Cerdelga, a treatment for Gaucher disease Type 1 developed at the University of Michigan Medical School and licensed to Genzyme Corp., has been approved by the U.S. Food and Drug Administration.
Cerdelga represents the first class of chemical entities conceived and developed at U-M to achieve FDA approval. An oral medication, Cerdelga offers an alternative to intravenous enzyme replacement – the other approved treatment for Gaucher disease, a rare inherited disorder that affects many of the body's organs and tissues.
The strategy of treating Gaucher disease by inhibition of glycolipid synthesis was proposed by the late Norman Radin, Ph.D., a U-M neurochemist, more than 40 years ago. The work directly leading to Cerdelga began 25 years ago when James Shayman, M.D., a nephrologist trained in lipid biology and pharmacology, sat down with Radin and began their collaboration. Their shared work continued at least until 1995 after which Radin retired, but research continued by the Shayman group to design, synthesize and test glycolipid synthesis inhibitors.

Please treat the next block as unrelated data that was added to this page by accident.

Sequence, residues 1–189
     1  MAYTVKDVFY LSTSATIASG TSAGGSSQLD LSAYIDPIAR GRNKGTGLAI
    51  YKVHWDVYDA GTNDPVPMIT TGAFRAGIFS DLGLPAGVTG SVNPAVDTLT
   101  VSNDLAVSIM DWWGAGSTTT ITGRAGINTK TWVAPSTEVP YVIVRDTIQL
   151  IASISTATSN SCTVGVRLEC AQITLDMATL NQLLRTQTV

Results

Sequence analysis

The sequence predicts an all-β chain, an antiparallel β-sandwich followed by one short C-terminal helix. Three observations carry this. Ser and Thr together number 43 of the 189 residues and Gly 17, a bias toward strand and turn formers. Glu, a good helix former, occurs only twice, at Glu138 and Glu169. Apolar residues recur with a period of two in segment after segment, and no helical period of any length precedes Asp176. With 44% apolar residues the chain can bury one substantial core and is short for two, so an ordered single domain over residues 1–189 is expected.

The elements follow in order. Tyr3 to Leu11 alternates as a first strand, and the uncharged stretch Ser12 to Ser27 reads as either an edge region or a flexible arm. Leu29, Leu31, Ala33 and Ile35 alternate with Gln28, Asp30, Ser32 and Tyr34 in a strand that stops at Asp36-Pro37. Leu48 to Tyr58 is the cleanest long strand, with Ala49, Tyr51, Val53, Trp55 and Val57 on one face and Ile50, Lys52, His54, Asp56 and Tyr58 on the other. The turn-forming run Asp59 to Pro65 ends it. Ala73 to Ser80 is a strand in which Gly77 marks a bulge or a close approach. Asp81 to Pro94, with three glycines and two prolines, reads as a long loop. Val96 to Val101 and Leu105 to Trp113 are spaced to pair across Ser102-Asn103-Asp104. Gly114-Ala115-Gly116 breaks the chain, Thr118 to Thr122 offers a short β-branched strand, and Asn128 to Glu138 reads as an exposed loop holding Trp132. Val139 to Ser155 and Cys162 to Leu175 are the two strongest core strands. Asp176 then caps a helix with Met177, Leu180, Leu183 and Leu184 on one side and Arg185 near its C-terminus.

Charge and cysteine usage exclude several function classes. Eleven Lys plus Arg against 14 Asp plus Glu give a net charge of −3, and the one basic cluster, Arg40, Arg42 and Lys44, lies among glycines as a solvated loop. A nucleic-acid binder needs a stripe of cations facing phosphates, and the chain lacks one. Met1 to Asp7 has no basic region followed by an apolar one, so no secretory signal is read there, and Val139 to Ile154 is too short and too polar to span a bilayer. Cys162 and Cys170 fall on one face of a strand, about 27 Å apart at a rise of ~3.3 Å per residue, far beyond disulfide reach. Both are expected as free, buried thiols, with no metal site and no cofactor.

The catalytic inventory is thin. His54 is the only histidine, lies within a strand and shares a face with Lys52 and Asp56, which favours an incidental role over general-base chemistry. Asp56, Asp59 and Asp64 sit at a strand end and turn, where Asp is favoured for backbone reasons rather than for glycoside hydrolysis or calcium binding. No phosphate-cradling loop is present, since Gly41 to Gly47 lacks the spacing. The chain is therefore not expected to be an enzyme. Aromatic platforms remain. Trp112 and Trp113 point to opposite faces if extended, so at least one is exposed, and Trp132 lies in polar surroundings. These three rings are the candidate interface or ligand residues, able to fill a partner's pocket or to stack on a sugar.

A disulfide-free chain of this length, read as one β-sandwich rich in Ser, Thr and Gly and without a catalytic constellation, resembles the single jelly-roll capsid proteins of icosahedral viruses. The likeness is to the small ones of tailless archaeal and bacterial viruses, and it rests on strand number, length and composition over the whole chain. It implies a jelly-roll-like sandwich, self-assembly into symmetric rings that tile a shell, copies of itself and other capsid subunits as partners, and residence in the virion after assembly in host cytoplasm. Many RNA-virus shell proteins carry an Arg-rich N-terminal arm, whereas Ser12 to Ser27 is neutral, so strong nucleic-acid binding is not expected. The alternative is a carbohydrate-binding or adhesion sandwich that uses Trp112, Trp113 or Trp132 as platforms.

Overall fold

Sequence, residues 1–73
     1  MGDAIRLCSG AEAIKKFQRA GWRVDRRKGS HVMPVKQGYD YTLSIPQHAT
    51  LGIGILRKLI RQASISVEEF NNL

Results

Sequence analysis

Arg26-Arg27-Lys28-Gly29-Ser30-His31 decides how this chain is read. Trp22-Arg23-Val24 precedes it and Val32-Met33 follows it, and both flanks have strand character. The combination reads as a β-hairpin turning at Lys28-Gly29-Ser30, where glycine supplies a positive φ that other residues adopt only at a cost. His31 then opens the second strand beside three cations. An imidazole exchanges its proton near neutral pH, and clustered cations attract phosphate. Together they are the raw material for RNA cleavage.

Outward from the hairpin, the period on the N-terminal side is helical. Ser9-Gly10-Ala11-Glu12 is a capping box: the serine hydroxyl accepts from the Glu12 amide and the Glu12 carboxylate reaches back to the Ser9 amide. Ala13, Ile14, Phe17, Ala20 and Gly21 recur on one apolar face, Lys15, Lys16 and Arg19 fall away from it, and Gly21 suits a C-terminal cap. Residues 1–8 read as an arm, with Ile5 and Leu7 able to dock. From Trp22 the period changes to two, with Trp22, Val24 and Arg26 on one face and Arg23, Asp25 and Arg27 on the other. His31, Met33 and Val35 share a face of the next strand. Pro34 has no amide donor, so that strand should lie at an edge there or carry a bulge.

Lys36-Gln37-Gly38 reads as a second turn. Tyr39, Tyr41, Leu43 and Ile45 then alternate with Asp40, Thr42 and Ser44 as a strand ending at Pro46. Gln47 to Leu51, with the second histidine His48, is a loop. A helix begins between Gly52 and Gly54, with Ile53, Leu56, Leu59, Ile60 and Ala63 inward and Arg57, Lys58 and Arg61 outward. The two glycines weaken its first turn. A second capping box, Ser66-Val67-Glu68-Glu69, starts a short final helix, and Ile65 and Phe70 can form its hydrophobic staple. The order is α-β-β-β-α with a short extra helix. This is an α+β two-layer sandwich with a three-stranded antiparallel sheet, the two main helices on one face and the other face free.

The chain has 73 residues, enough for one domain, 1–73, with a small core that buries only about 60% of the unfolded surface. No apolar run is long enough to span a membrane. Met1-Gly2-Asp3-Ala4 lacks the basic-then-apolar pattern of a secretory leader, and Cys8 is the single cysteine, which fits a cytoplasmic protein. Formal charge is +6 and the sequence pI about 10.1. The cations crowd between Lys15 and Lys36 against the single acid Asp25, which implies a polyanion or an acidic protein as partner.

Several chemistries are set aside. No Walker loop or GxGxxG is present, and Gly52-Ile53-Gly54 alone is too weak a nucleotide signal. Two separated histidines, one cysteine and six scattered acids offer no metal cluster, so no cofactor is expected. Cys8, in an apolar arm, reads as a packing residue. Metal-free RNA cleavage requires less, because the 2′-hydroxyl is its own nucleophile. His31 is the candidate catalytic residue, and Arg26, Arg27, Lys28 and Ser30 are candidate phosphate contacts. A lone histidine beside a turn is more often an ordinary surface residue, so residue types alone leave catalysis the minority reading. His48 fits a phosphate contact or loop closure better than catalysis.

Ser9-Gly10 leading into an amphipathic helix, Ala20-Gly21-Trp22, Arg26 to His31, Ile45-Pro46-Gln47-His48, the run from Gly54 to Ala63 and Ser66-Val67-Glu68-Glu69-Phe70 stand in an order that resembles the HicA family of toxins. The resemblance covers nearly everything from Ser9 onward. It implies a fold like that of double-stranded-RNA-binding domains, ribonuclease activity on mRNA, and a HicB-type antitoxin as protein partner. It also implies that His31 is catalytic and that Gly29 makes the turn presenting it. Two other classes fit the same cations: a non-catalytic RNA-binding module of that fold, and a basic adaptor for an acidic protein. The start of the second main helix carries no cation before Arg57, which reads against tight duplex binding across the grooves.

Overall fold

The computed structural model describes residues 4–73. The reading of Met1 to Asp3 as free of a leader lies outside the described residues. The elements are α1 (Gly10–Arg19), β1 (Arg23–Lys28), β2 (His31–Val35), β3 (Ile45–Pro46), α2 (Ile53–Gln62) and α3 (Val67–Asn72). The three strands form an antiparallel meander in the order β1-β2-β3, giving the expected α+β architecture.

That included a series of "proof of concept studies" in experimental models of lysosomal storage diseases. Patents covering these compounds and related inventions were licensed to Genzyme, a Sanofi company, in 2000 for clinical development.
"On a personal level, the success of this research program has been tremendously gratifying," Shayman said. "The FDA approval of Cerdelga provides further motivation for me and my collaborators to bring other drugs through the pipeline."
The safety and effectiveness of Cerdelga were evaluated in two clinical trials with 199 participants with Type 1 Gaucher disease.
"The approval by the FDA is an important milestone for Genzyme, our inventors and the university," said Ken Nisbet, associate vice president for research, U-M Tech Transfer. "Cerdelga promises to be a landmark therapy for patients afflicted with Gaucher disease, and we congratulate all who helped bring this innovation to market."